I wish I were joking. We said people wouldn't look for DIY surgical procedures online, would they?! Well, apparently they would... and they would find a WikiHow AND a YouTube video - which is animated, but as terrifying as you can imagine because you do NOT want to go trekking with someone who has watched that and thinks they will save your life by stabbing you in the neck with a pen if you choke on your trail mix.
- Maybe try a legal analogy? If you get into a serious legal matter where you will have to appear in court or something, it would be a terrible idea to go on social media and ask a lawyer or "someone who's done this before" to tell you what to do so you can do it yourself to avoid paying someone's fees. If you attempted to pull this off on your own with Google advice, you'd most likely really regret it (maybe from jail). While I'm quite sure no lawyer ought to be giving you step-by-step instructions on what to do, and the natural advice would be "find a lawyer who specialises in this and get them to sort it out for you," that does not mean they could not point out some of the potential issues with your case and try to lead you towards the advice you need so you don't end up listening to the wrong kind of advice. If you're a lawyer and you think this doesn't work at all bc of legal liabilities, please let me know because this analogy breaks down haha.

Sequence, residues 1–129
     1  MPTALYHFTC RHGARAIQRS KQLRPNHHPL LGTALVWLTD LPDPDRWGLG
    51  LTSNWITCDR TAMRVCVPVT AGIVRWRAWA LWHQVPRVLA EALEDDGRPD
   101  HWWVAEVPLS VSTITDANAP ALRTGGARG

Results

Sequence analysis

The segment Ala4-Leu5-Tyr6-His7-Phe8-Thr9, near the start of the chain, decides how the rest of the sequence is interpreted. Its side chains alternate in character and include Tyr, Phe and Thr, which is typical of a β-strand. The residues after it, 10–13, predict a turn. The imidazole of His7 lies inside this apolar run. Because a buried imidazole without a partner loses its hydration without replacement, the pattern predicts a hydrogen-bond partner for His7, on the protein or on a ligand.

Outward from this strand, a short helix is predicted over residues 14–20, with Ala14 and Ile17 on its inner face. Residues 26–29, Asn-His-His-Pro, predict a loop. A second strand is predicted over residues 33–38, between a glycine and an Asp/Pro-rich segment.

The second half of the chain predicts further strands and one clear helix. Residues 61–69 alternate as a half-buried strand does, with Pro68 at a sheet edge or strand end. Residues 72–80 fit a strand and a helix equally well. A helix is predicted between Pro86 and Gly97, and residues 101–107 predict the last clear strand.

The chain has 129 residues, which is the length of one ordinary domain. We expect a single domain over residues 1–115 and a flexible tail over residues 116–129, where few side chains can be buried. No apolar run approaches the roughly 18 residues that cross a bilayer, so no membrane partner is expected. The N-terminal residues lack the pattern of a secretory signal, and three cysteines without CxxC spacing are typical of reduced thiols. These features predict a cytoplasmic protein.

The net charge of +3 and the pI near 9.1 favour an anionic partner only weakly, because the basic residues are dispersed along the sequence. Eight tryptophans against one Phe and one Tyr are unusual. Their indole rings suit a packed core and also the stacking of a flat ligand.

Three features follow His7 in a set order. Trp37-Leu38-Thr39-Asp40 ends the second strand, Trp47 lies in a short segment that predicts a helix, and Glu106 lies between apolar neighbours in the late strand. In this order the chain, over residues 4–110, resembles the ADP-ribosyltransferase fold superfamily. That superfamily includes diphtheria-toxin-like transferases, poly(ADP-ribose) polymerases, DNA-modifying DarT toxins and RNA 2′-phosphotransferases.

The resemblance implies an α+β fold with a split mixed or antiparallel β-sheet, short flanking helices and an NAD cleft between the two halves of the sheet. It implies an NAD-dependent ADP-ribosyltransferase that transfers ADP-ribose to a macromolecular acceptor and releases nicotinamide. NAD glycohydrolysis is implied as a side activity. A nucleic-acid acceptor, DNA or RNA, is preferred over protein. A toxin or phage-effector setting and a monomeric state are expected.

In defense of the asker
I know DIY conservation questions may have started to feel like some sort of offensive comment for some conservators. Not all, of course. There are plenty of us who are lovely and friendly regardless of what anyone throws at us. But sometimes, it just puts us on edge, and it's understandable. We've all been there and after the 100th time, it's easy to get snappy. Let me address this the following way:
We have a phrase in Spanish that says: "La vaca no se acuerda cuando fue ternera." It literally means "The cow doesn't remember [the time when] she used to be a calf." It refers to those situations when someone who is now in a different position in life seems to forget how they used to be before they reached their current position. So here's a question for us, as professional conservators:
Remember the past - it could be recent or a looong time ago. Before you became a conservator, maybe even before you knew the profession existed, did you know non-conservators were "not supposed" to try to fix things? Did you know that there was a nuanced border of potential ethical malpractice if conservators gave you advice?